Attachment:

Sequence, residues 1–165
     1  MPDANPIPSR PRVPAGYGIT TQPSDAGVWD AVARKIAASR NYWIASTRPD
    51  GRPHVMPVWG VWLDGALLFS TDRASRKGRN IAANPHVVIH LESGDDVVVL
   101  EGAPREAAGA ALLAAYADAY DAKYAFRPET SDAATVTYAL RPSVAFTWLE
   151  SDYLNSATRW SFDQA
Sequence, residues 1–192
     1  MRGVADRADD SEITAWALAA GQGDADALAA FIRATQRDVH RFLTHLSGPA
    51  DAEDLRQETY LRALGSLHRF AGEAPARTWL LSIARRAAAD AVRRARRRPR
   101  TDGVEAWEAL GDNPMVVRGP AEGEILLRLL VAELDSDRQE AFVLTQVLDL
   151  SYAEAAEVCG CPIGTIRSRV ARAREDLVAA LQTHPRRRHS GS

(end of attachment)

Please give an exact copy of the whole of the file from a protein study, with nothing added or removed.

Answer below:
Sequence, residues 1–165
     1  MPDANPIPSR PRVPAGYGIT TQPSDAGVWD AVARKIAASR NYWIASTRPD
    51  GRPHVMPVWG VWLDGALLFS TDRASRKGRN IAANPHVVIH LESGDDVVVL
   101  EGAPREAAGA ALLAAYADAY DAKYAFRPET SDAATVTYAL RPSVAFTWLE
   151  SDYLNSATRW SFDQA
Sequence, residues 1–192
     1  MRGVADRADD SEITAWALAA GQGDADALAA FIRATQRDVH RFLTHLSGPA
    51  DAEDLRQETY LRALGSLHRF AGEAPARTWL LSIARRAAAD AVRRARRRPR
   101  TDGVEAWEAL GDNPMVVRGP AEGEILLRLL VAELDSDRQE AFVLTQVLDL
   151  SYAEAAEVCG CPIGTIRSRV ARAREDLVAA LQTHPRRRHS GS